A student at Loyola has been diagnosed with a probable case of mumps, according to an email sent to students by Loyola’s Wellness Center Nov. 28.
The student diagnosed lives off campus, the Wellness Center said. Students, faculty and staff who might have come in contact with the student will be notified by the Chicago Department of Public Health, according to the email.
The Wellness Center said it’s a single case, and students shouldn’t panic.
“Please know that this is only a single case of probable mumps and is not cause for alarm,” the email said.
Complications of mumps include inflammation of the testicles and ovaries, inflammation of the brain and deafness, according to the Centers for Disease Control and Prevention (CDC).
The first symptoms of mumps include headaches, body aches, a low fever, low appetite and fatigue, followed by swelling of the glands around the ears and neck, according to the email. Mumps is contagious and can be spread through sneezing, coughing or direct contact with the saliva of someone who has it.
The mumps vaccination is required for all incoming Loyola students enrolled in seven or more credit hours, according to the Wellness Center’s website. It’s unclear how many credit hours the student was enrolled in.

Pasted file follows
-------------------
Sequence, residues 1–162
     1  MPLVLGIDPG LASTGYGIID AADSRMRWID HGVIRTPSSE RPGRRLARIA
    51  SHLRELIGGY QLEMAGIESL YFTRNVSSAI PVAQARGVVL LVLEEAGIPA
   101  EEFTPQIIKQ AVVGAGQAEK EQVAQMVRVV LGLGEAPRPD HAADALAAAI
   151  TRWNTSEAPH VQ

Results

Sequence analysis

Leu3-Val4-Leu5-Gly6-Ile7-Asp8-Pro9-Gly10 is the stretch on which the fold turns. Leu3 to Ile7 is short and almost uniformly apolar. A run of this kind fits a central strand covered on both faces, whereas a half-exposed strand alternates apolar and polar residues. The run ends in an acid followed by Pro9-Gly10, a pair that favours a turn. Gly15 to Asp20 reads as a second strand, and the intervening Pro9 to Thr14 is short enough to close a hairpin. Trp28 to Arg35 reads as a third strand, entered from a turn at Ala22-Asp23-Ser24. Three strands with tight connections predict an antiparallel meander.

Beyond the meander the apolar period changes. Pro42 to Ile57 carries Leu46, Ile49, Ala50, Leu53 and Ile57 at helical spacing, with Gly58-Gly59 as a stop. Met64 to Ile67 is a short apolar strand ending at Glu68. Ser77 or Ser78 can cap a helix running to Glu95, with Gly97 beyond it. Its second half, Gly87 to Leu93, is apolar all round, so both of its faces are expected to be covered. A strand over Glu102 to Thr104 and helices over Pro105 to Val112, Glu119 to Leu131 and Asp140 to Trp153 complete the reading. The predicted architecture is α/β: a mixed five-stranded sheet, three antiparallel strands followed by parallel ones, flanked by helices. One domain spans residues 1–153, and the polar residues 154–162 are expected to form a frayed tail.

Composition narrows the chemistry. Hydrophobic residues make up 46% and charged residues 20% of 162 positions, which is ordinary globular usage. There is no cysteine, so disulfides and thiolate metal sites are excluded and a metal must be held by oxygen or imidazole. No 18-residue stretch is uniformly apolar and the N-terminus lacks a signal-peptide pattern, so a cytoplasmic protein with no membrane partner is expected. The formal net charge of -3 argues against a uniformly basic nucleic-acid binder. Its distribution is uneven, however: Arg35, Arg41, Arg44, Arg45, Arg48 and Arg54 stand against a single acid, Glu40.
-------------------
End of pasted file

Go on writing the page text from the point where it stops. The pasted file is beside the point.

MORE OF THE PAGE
Two doses of the mumps vaccine are 88 percent effective, according to the CDC. Since the vaccination program started in 1967, there has been a 99 percent decrease in mumps cases in the U.S., according to the CDC.
The mumps vaccination is the best way of preventing mumps, according to Joan Holden, director of the Wellness Center.
Recently, mumps outbreaks have most commonly occurred on college or university campuses, according to the Illinois Department of Public Health.
In October, the University of Michigan reported four cases of students with mumps, according to the university’s health service. In May, there were four reported cases of mumps at Western Illinois University, according to the Illinois Department of Public Health.
If a student believes they have symptoms of mumps they should contact their healthcare provider or the Wellness Center for laboratory testing, the email said.
Holden couldn’t provide further information on the case.